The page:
It is well known that most tolerance traits are controlled by multiple genetic loci, and omics analysis offers a promising approach for identifying the genetic basis of quantitative traits. Omics analysis can probe cells at a genome-wide scale to provide information on genome, transcriptome, proteome, and metabolome, due to the availability of complete genome sequences. Nowadays, more and more omics technologies are being used in the study of acetic acid tolerance in S. cerevisiae, and these are summarized below.

Functional genomics screening

With the development of high-throughput culturing technologies, many strains can be analysed to identify candidate genes involved in acetic acid tolerance. Gene deletion is the most common method deployed over the past 10 years. Kawahata et al. (2006) screened 4908 strains and identified genes involved in cell wall components that are important for responding to organic acids and low pH. Another group identified approximately 490 of the 650 determinants of tolerance to acetic acid by screening a ~5100 individuals from a haploid mutant collection for susceptibility phenotypes to acetic acid in non-essential deletion strains (Mira et al. 2010b). Candidate genes identified in these studies could be tested in genetic engineering experiments to obtain more robust strains.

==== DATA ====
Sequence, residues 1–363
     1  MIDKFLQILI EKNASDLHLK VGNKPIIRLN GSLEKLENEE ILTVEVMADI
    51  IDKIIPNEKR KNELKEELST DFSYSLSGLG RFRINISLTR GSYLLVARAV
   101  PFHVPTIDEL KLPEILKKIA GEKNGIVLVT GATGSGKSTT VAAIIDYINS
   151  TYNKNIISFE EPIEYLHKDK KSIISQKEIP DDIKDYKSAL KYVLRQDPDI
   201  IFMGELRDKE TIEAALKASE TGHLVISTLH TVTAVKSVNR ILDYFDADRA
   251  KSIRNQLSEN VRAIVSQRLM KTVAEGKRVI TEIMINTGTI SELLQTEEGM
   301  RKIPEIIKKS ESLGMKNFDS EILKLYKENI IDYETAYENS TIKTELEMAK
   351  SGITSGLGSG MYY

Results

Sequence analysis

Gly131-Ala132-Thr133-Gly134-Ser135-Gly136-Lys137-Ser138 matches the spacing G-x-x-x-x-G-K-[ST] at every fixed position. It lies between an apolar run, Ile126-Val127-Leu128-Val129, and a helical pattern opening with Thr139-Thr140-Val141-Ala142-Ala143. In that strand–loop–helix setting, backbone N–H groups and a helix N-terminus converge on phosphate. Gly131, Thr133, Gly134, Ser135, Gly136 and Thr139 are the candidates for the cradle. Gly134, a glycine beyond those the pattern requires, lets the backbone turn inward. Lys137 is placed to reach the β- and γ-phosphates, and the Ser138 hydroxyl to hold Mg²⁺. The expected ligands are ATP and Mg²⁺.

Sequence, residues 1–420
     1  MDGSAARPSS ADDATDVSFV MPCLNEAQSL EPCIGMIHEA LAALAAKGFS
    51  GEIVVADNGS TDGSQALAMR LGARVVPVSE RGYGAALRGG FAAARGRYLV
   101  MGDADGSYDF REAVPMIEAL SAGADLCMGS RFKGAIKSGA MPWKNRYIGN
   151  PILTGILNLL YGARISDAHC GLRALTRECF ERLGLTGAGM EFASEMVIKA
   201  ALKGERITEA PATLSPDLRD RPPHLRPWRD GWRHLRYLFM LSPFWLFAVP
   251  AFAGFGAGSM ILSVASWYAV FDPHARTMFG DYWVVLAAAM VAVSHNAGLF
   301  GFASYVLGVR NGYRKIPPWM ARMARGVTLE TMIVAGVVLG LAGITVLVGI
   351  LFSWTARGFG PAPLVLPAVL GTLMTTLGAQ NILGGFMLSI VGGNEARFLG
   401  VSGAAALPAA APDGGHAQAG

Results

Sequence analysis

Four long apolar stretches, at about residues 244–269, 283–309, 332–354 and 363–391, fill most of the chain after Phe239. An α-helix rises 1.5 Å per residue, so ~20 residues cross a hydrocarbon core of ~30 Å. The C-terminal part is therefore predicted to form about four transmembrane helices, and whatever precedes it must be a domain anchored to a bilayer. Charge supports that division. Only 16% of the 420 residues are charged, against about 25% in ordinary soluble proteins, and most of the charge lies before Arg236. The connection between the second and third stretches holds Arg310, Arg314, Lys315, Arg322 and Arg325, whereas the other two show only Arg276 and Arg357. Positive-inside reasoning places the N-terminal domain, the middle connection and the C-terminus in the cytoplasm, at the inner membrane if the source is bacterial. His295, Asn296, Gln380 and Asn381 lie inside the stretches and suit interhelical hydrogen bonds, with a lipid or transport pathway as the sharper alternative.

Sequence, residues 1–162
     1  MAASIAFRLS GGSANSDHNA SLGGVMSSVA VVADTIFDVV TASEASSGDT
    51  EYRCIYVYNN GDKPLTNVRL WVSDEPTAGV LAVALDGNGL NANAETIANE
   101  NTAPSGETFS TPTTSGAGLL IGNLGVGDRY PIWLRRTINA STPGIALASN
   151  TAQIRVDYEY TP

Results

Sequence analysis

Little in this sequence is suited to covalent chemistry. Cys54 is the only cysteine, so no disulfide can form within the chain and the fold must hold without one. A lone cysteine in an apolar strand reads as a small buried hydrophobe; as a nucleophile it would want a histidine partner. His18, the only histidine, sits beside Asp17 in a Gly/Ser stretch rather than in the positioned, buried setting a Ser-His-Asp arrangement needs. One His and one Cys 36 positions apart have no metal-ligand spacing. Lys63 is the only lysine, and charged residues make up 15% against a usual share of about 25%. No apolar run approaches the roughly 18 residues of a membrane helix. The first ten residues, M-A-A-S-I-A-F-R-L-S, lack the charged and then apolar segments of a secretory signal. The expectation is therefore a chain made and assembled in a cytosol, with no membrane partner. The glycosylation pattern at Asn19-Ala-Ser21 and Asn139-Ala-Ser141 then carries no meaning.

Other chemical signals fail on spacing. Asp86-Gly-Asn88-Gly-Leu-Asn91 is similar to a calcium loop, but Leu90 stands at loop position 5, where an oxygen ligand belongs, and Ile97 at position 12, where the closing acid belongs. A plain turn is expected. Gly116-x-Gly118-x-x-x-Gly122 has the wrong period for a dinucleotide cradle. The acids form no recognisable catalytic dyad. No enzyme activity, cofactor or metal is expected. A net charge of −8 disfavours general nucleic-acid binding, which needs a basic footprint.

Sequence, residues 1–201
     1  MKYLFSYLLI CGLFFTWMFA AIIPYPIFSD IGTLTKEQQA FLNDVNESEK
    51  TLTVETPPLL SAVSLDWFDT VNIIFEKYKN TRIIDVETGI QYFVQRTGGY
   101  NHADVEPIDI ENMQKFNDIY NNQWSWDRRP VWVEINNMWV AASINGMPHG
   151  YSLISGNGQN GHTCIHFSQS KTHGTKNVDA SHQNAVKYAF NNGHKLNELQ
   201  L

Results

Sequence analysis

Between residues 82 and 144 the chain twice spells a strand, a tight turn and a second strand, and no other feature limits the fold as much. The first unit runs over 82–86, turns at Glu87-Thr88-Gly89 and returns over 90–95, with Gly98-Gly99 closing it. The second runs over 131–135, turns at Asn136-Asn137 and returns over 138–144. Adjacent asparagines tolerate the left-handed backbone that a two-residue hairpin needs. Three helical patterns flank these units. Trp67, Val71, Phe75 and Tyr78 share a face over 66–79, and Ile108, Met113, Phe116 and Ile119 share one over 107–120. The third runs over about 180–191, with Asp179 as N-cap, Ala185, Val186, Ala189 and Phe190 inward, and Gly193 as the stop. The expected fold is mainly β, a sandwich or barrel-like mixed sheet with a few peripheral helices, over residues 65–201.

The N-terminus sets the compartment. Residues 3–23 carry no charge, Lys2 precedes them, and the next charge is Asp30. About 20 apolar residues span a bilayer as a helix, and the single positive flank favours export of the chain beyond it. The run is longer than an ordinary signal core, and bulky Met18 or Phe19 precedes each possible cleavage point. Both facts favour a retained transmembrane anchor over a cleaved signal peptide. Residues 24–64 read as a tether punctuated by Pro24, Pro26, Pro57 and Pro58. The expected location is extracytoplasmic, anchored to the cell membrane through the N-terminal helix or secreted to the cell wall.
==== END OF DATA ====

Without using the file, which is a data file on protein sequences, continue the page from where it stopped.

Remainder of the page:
Moreover, rapid molecular genetic manipulation technologies make it possible to screen strains overexpressing specific genes aimed at improving acetic acid tolerance. For example, Ma et al. (2015) screened strains transformed with an artificial zinc finger protein transcription factor (ZFP-TF) library and obtained strain ATCC4126 (Sc4126-MO1) that displayed improved acetic acid tolerance. They conducted further analysis and found three genes, YFL040W, QDR3, and IKS1, that are involved in the enhanced acetic acid tolerance, demonstrating the power of a synthetic ZFP-TF library for improving acetic acid tolerance. The employment of an artificial transcription factor can also facilitate the exploration of novel functional genes involved in stress tolerance. Functional genomes screening is performed by single gene deleted strains, but the essential genes are difficult to knock out. So, one drawback of this technique is the inconvenience of having to detect essential genes.

Genome analysis